New Resource Connects Veterinarians to State Wellness Programs

The American Veterinary Medical Association’s new website resource offers information on state-based mental health programs available to veterinarians.

A new resource from the American Veterinary Medical Association is helping professionals in the field get the emotional support they need.

Launched last month, AVMA’s State Wellness Programs for Veterinary Professionals details wellness programs available to veterinary professionals on a state-by-state basis. Working with state veterinary medical associations and state boards on its industrywide Veterinary Well-Being Steering Committee, AVMA’s state advocacy team conducted research to identify veterinary wellness state programs along with confidentiality provisions.

“One of our primary initiatives is how we can help improve their well-being and what resources we can bring on a national level,” said Dr. Marci Kirk, assistant director for recent graduate initiatives at AVMA.

AVMA has long recognized that veterinarians often struggle with their mental and emotional health. A 2014 study from the Centers for Disease Control and Prevention showed that one-in-six veterinarians contemplated suicide since graduation and that nearly one in 10 had experienced major psychological distress. “We face ethical choices whenever it comes to euthanizing a pet, which some other medical fields don’t face,” said Kirk, who is also a veterinarian.

Despite these challenges, Kirk said that a fear of losing their licenses discourages many veterinarians from seeking help for substance abuse and mental health problems. With this new resource, AVMA is looking to take steps to advocate for confidentiality. “While it seems intuitive that it would be confidential when you’re seeking help, it’s very nice to see that in print,” she said. “We want to make sure that anyone who wants help is free to get the help they need.”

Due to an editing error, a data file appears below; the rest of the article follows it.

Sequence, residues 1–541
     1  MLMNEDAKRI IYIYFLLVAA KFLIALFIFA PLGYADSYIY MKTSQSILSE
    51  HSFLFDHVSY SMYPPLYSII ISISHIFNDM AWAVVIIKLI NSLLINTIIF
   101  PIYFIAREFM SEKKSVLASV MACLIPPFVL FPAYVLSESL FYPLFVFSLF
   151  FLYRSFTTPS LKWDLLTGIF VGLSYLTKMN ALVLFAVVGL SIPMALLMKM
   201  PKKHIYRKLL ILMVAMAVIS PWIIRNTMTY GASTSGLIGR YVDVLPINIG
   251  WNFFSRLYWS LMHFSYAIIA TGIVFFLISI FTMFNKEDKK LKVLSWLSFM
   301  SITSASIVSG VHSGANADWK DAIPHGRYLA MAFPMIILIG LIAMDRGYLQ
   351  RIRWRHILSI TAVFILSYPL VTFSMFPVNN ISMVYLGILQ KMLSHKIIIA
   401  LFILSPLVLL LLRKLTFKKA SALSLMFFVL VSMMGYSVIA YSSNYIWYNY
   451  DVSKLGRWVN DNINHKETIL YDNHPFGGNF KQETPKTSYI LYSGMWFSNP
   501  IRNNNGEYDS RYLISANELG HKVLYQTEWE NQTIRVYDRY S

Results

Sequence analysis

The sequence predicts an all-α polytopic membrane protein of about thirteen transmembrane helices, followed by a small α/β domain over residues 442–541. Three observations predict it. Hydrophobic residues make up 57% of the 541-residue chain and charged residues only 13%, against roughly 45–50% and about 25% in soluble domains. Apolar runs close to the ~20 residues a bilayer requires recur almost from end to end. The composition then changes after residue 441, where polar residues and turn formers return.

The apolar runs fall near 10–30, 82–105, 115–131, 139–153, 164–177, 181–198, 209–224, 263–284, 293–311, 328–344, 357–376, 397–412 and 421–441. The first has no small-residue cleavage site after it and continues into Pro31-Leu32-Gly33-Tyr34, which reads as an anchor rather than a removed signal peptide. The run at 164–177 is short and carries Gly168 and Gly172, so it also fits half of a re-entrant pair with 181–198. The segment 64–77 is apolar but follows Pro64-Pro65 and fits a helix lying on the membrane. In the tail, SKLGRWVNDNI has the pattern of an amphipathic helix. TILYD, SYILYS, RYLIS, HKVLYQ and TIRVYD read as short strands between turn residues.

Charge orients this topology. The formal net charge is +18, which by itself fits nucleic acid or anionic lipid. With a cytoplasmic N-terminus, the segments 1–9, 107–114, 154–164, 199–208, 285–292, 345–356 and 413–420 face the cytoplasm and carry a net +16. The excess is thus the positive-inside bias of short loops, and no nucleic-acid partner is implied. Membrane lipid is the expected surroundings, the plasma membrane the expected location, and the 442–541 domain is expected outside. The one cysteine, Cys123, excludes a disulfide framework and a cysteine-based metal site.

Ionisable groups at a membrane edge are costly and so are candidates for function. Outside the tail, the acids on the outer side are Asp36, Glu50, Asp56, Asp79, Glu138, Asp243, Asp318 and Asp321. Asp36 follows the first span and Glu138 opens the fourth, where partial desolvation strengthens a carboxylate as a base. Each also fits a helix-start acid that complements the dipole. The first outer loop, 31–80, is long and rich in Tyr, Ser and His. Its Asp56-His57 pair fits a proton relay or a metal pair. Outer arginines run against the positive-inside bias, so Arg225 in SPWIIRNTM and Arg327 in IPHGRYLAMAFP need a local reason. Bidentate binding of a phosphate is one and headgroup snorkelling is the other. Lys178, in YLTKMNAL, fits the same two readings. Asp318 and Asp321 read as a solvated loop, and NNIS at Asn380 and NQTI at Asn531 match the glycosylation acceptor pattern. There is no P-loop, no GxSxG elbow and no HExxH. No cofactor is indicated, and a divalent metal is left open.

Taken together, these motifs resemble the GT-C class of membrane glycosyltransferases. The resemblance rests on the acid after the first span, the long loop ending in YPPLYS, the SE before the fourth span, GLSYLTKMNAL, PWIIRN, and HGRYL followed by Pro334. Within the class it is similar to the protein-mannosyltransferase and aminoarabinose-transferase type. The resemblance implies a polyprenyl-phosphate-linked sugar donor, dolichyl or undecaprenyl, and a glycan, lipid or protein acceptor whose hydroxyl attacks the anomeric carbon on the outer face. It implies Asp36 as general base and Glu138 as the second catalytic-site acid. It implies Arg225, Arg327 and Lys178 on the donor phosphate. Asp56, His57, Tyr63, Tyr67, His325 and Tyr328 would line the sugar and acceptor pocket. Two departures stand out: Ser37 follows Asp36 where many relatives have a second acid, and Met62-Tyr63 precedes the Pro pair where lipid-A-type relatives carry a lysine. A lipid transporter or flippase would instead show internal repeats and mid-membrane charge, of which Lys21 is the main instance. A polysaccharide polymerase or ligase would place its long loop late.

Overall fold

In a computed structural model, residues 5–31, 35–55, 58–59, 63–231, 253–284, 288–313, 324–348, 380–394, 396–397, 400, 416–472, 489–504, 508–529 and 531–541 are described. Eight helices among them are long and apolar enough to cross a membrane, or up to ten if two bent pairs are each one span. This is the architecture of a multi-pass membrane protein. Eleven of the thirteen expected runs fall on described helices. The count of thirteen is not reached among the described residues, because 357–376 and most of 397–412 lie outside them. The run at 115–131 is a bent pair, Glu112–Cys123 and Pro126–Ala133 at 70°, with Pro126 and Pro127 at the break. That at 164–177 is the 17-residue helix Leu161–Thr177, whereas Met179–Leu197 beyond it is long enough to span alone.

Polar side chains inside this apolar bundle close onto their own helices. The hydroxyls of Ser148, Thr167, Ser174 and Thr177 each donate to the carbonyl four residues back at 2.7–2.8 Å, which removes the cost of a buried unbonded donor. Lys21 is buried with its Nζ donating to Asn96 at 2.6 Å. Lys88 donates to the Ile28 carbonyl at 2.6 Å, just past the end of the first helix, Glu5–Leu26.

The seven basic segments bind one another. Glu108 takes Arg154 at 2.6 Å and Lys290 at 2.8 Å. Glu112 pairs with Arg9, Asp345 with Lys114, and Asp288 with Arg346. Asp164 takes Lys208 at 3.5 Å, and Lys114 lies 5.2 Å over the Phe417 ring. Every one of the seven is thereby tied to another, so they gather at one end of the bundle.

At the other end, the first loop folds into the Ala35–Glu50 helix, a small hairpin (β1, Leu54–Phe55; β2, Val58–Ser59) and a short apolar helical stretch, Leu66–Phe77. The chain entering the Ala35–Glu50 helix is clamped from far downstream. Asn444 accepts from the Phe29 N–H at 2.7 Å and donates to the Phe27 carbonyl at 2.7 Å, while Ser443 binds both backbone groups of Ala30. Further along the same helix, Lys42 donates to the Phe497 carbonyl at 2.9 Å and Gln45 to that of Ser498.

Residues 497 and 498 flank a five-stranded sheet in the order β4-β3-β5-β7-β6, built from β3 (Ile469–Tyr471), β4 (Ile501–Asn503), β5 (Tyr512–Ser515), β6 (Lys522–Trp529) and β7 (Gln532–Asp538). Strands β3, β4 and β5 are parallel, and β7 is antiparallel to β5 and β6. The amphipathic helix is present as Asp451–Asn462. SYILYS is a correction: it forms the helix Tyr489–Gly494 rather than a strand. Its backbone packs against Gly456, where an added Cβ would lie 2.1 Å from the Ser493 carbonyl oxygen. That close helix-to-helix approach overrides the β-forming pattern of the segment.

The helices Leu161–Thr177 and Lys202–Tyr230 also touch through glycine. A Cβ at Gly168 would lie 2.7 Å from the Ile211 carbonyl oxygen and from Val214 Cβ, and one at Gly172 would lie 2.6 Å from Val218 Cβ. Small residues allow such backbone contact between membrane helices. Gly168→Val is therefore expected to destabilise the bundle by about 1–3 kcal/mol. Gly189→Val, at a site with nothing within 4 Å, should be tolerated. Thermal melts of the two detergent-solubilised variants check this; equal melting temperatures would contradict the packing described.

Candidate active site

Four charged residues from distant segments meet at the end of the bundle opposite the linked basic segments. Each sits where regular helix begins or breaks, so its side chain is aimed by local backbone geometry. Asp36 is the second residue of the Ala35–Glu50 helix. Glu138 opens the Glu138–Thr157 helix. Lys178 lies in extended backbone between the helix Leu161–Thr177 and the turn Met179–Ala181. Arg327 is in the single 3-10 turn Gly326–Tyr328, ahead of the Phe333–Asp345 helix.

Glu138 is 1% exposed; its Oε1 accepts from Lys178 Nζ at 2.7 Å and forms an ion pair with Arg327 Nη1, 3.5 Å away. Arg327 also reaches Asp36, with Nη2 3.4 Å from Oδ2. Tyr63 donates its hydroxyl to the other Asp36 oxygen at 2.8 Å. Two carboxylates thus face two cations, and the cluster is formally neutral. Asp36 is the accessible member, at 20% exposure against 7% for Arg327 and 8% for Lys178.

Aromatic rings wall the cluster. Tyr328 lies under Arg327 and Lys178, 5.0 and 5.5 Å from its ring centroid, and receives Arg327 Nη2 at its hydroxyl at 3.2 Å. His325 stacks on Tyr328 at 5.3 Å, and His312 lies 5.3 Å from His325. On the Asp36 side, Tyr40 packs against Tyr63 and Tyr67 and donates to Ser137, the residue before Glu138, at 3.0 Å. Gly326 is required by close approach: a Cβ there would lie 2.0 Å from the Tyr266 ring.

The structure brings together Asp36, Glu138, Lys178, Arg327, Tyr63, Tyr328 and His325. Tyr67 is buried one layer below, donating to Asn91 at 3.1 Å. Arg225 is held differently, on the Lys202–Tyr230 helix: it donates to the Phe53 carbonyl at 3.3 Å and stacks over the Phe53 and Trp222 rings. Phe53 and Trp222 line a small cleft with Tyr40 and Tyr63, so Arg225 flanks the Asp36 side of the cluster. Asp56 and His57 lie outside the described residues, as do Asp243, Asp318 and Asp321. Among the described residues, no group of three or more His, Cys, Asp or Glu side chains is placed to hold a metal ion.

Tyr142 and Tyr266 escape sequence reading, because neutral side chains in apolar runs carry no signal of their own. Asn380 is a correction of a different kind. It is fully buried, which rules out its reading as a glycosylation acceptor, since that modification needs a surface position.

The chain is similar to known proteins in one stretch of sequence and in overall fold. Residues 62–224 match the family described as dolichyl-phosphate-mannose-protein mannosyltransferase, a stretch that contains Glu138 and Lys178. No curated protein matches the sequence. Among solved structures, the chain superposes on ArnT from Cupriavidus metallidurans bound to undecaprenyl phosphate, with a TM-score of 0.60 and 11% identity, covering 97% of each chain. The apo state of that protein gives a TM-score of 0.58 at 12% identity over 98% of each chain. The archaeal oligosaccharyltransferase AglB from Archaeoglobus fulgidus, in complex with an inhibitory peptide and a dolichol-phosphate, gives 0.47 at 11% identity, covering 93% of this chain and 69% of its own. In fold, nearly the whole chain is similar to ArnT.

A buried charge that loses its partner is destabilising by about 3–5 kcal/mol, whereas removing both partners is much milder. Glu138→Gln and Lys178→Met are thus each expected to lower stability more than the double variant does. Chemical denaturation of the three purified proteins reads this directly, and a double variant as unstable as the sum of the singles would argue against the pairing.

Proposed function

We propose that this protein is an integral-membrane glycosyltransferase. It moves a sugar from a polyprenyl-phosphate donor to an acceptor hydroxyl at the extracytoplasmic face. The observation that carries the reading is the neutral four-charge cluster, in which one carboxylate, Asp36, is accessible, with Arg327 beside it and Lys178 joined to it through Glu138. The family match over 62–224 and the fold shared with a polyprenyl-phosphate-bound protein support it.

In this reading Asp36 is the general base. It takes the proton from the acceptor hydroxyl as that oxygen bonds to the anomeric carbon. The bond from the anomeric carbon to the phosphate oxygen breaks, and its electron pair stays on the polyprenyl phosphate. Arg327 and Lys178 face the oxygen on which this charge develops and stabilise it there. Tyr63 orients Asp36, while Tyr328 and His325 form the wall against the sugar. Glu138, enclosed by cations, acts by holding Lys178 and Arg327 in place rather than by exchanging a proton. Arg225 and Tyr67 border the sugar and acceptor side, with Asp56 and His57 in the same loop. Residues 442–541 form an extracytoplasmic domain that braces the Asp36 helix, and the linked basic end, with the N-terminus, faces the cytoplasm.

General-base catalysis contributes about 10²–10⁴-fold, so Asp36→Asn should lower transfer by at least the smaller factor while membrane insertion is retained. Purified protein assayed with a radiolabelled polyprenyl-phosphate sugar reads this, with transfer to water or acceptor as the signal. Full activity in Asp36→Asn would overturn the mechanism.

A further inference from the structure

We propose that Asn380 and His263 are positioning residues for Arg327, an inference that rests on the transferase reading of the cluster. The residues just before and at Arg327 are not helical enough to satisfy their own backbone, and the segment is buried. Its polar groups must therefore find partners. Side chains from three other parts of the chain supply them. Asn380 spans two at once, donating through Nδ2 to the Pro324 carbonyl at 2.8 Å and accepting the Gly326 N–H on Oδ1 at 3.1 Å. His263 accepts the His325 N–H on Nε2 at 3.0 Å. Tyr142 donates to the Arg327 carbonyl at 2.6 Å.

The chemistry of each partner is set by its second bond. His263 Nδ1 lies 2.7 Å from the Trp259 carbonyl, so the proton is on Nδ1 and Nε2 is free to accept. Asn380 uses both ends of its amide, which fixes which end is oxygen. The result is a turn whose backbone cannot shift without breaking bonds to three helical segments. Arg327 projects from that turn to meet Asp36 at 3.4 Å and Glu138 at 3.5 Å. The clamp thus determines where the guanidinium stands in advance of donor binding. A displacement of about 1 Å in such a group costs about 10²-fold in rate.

This new resource is one of many that AVMA has introduced over the years. In the past, the group offered a consultation service to tackle cyberbullying in the profession and partnered with QPR to launch a suicide-intervention training module. Another recently launched resource is the “Wheel of Well-Being,” a handout that highlights activities to reduce stress and improve well-being. “We continue to look for ways that we can fulfill the need of our members and the entire profession as a whole,” said Kirk.

From its AVMA@Work blog to its wellness-focused LinkedIn group, Kirk said AVMA plans to use all of its communication channels to get this important resource in front of the people who need it most. And, to make it even more accessible, most of the information AVMA has on its Wellness and Peer Assistance website is available to nonmembers.


Thorne McFarlane

By Thorne McFarlane

Thorne is an assistant editor for Associations Now and a literature buff who loves a great story. Have something interesting to share? Send it his way. MORE

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